McLeods of Condah

2019 – Condah

6th April – Green Hills Hotel

This year’s event was about bringing to life the stories of the granddaughters of the original immigrants, Norman McLeod and Susan Stewart.

Why focus on the granddaughters?

We know something of the children of Norman McLeod and Susan Stewart but less of some of the grandchildren, especially the women. These women were born in the period 1878 – 1903. The choices available to them were limited in comparison to today. At the time of their birth it was possible for them to attend school. They could vote in Commonwealth elections after federation (1901) and in state elections from 1908 (provided they were 21). Women were admitted to universities in Australia from the late 1800s but of course the numbers attending were very low. Even by 1949 women made up less than 18% of undergraduates at university.

There are twenty granddaughters but only nine of them married. Has this anything to do with the time and conditions in which they came to marriageable age? Marriage was considered important for women at this time and their adult identities were largely forged through their husband if they married. What was it like to be unmarried (that horrible term a ‘spinster’)? Careers were not something woman had at that time. So what kind of lives did they have?

Maryanne Martin leading the discussion

Three stories were presented,

  1. Marion McLeod (1893 – 1969) by Ian McLeod,
  2. Susan McLeod (1885 – 1957) prepared by Elizabeth and read by David Hedger, and
  3. ‘Tot’ McCallum (1894 – 1974) by Maryanne Martin,

along with general discussion of the content. A five meter long chart of the descendants of Norman and Susan was also on display for the group to write on to correct or add details.

After lunch at the Green Hills the participants headed to Wallacedale via a back route down McCallum’s Road to view the location of Tot’s property. A stop was also made at Branxholme for coffee and “Scotty cake” (courtesy of Carolyn Hansen) before visiting the cemetery.

Site of Tot’s property on McCallums Road

Some of those attending brought bunches of flowers from their gardens to place on the graves of women from the morning’s conversations. Flowers were also put on the grave of Annie McLeod, the great aunt of Maryanne, Elizabeth and Michael, and also on the grave of Tot’s brother Rod’s granddaughter, Roslyn Nolte, who was killed in 1971 at age fifteen.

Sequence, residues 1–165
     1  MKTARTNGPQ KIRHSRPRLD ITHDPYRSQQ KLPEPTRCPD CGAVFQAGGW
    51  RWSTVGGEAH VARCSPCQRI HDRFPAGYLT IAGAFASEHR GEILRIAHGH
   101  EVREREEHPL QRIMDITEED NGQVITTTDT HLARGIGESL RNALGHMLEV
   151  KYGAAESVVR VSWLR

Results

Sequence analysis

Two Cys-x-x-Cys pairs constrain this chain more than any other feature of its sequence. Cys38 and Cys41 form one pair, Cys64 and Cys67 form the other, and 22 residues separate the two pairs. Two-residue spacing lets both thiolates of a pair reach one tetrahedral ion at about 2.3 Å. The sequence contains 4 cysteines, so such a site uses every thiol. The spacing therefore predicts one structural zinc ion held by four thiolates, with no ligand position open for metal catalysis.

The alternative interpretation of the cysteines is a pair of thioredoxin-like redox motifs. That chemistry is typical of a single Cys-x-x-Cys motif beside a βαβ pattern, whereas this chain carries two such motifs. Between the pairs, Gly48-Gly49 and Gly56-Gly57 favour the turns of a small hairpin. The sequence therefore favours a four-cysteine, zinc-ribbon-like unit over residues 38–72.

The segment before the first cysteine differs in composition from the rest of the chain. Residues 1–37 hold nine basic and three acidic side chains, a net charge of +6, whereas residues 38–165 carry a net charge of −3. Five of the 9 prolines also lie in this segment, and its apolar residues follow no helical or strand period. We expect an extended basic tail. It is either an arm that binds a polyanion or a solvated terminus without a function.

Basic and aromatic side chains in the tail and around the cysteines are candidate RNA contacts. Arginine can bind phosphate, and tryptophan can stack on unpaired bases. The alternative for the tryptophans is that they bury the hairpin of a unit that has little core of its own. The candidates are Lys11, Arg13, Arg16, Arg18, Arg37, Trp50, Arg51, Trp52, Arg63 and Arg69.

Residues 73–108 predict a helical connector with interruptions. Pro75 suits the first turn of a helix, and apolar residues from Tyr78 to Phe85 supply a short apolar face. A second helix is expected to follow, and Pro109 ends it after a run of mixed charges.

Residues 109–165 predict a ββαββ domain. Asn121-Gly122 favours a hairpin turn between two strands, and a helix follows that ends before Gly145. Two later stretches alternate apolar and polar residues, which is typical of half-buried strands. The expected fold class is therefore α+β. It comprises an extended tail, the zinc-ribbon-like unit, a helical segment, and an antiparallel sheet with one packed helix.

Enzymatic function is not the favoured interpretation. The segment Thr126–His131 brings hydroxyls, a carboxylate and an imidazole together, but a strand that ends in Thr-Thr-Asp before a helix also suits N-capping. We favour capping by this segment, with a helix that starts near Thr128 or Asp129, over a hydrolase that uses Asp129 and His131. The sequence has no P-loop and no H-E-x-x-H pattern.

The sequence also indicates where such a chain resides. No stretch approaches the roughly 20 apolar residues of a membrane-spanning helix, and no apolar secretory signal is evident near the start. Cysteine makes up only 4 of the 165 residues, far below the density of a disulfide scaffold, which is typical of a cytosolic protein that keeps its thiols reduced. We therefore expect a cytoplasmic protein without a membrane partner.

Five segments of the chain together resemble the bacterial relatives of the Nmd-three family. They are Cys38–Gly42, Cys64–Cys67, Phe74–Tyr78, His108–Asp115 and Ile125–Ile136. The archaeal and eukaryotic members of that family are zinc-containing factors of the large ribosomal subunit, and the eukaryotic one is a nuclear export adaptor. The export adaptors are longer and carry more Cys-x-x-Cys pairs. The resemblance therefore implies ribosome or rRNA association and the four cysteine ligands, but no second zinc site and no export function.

Tot McCallum’s grave at Branxholme


  • Informative discussion, lunch, touring the district where our descendants settled, afternoon tea (Scottie cake), dinner and farewell breakfast…. What a fantastic weekend with the McLeod extended clan. Thanks again Maryanne for organizing it…

  • Thanks to all the participants this year. I appreciate your support. Also those who participate via the FB group; it’s good to see you liking and commenting.
    2020 is ten years since we started so we need to do something extra special. We’d love to see some more of you there in 2020.

  • Marjorie Stancombe says:

    Hello Maryanne. Sorry we missed this years gathering. It sounded like a wonderful day.
    Hopefully we will be able to attend next year.
    Regards Marjorie (great granddaughter of Alexandrina McLeod )

  • Amanda Blohm says:

    During the corona virus lock down I’ve been doing some family history. I’m not a member of the McLeod family but I’ve been looking at the Malseed family and Sarah May (May) Malseed was born in 1888 in Victoria, she married Norman McLeod in 1909, and she died in 1957 – aged 69 (in Victoria).
    Norman McLeod was born in 1886 at Condah and he was the son of Roderick (Rory) McLeod and Elizabeth (Bessie) McLeod née Murchison.
    If you would like me to send you a copy of what I put together please let me know and I’ll forward it to you.
    Amanda Blohm

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